Saturday, 19 November 2011

Suicide… what makes someone jump…?

Today has been a bit of a shocker.

It started off all right.  My little one was due to go to a birthday party, which meant I was due for a couple of hours free, to have a good old gossip with my friend Sarah.  And I was really looking forward to it.

The party started, the kids were off into their own social whirl and Sarah and I snuck off to have a coffee and a chat with some of the other mothers.

But Sarah was clearly not her usual self.  She whispered quietly in my ear that she wanted to have a private chat.

So we found a quiet corner and she dropped the bombshell. 

The day before, she had been due to have lunch with a girlfriend.  They were going to meet on the top floor restaurant of a hotel.  By the time they arrived, after various delays, it was mid afternoon.  The restaurant was almost empty, except for them and a man at a nearby table, sitting on his own, drinking a beer.

They got chatting, ordered wine and food and then, finally, realised that they had been waiting for an inordinate amount of time.  They tried to get the waiter’s attention, but he seemed to be not just distracted, but in an almost frenzied state, unable to take notice of anything they said.  At that point, they realised that the security man was outside on the balcony, talking to the man who had previously been sitting having a beer. 

And that’s when he did it.  Whilst they sat there watching, this attractive well dressed man, roughly in his mid-forties, jumped.  Only a split second later, my friend heard the thud, as he landed on the pavement 12 stories below.  He died instantly.  For his sake, I’m glad it was instantaneous.

For my friend however, the horror of what she witnessed is only beginning to surface. 

She spent over an hour and a half giving statements to the police.  And today, she has started having flash-backs.  She has started to remember details about this man.  His brightly coloured shirt and tie.  His goatee beard.  His apparently calm exterior, as he sat drinking his final beer. 

And she started to question whether she should have been less selfish, wondering why their food had taken so long to arrive.  What if she had been more on the ball?  If she had noticed earlier, could she, being a woman, have had more impact on this poor man than the male security guard?  Could she have talked him out of it?

Clearly, these are questions that no one will ever know the answer to.  And whilst I can fully understand her emotional response, questioning whether she could have done anything to dissuade him from this terrible act, obviously she has no reason to beat herself up about it.

I know that many people feel that suicide is a very selfish act.  Personally, I disagree.  I have been through a few horrors in my life.  The most recent being the period that I was still living with my ex-husband and going through the horrors of divorce.  There were countless occasions when I woke at 4am, heart racing, sweating, sobbing in fear of what was ahead of me, and feeling like I was in free-fall with no sight of the ground - not to mention the terror of the trauma I was inflicting on my children.  But never, not even once, did I ever consider ending it all.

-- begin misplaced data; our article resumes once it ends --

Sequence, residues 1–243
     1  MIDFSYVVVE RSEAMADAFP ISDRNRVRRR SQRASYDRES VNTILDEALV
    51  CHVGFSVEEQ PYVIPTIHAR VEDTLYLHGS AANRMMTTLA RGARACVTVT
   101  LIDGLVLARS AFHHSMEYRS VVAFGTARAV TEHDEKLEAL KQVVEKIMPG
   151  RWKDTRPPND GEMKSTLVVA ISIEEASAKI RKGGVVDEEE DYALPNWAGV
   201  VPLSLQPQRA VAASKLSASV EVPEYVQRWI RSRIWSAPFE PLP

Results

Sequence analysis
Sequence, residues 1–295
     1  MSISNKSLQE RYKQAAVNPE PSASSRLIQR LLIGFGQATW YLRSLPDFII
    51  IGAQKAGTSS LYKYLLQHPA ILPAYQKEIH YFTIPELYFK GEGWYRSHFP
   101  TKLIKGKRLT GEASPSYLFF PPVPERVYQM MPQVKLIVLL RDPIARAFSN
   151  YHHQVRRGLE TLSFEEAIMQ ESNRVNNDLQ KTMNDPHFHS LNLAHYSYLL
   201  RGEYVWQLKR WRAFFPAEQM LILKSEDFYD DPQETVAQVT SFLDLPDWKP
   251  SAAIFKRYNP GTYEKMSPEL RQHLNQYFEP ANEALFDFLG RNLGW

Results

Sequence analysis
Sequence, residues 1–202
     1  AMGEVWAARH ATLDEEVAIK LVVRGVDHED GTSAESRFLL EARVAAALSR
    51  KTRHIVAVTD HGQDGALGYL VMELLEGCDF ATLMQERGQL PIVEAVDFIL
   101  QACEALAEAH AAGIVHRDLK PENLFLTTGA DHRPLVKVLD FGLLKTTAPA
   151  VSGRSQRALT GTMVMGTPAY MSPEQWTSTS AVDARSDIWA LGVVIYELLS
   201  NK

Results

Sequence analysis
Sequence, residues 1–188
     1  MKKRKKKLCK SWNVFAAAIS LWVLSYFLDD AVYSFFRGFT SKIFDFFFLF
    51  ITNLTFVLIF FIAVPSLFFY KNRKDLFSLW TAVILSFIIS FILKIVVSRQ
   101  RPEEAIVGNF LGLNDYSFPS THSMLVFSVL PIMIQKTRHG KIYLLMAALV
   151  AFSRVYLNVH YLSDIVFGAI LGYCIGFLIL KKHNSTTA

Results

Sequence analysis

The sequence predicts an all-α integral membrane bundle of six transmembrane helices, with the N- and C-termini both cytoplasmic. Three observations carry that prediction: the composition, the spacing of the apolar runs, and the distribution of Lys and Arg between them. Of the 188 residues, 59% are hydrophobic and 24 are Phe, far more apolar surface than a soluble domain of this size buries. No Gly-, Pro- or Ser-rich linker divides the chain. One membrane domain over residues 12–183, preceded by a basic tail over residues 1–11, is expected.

And why?  Because I knew that my life has a value.  It may only have a value to a very few people, but those people are the centre of my world.  Most specifically, of course, I mean my children.

No matter what may happen in my life, I will fight tooth and nail to ensure that I am there for these two beautiful little people I am so proud to have as children.  I want to see them grow up, hopefully go to university, meet the ‘person’ of their dreams and have fulfilling lives.  To end my life, would be to devastate theirs.

My dear friend is in such a state, that she has accepted that she needs to speak to someone professionally – a counsellor, or something similar.  Despite previous traumas in her life, this is something she has never considered before and it is a huge leap of consciousness for her. 

And what of that poor man?  Was he loved?  Did he have a family who will today be devastated by their loss?  Did he have children, a wife or friends – anyone at all who might have been able to help him?  What was it that pushed him to the brink?

From what the police said, it seems likely that my friend will have to give evidence at an inquest into his death. And it is possible that some of these questions may be answered.  But will the answers will help my friend, or make her feel worse?  I only wish I knew.

I do know what it’s like to hit rock bottom; to feel totally alone, desperate and helpless; but to feel so bad that you take your own life, is beyond my imagination.

Sometimes, no matter how tough we think our lives are, it is important to step back and count our lucky stars.

And on that note, as I go to bed tonight, I will be giving my kids an extra big hug and kiss.


  1. Despair is a terrible thing. I hope Sarah copes. That's just awful.

  2. I am truly sorry for your friend, this is not something anyone should have to witness, and the only thing I would yell at that man for was where he did it - in front of people. Now that IS selfish, like people who throw themselves in front of a train.
    I have been where he was, and it is indescribable to be in that place where you can't see any way out or up, and the only thing that stopped me was what it would do to my mother.
    People who say suicide is selfish haven't been in that situation is all I can say.
    I send my best to you and your friend, she will get the support she needs from counselling.

  3. Carol, Thank you for all your comments and kind supportive words. I am very sorry that you have been so low as to feel there is no way out - and glad that you managed to pull yourself back up. It's not an easy thing to do, I know. I take my hat off to you.

    Lara Lakin


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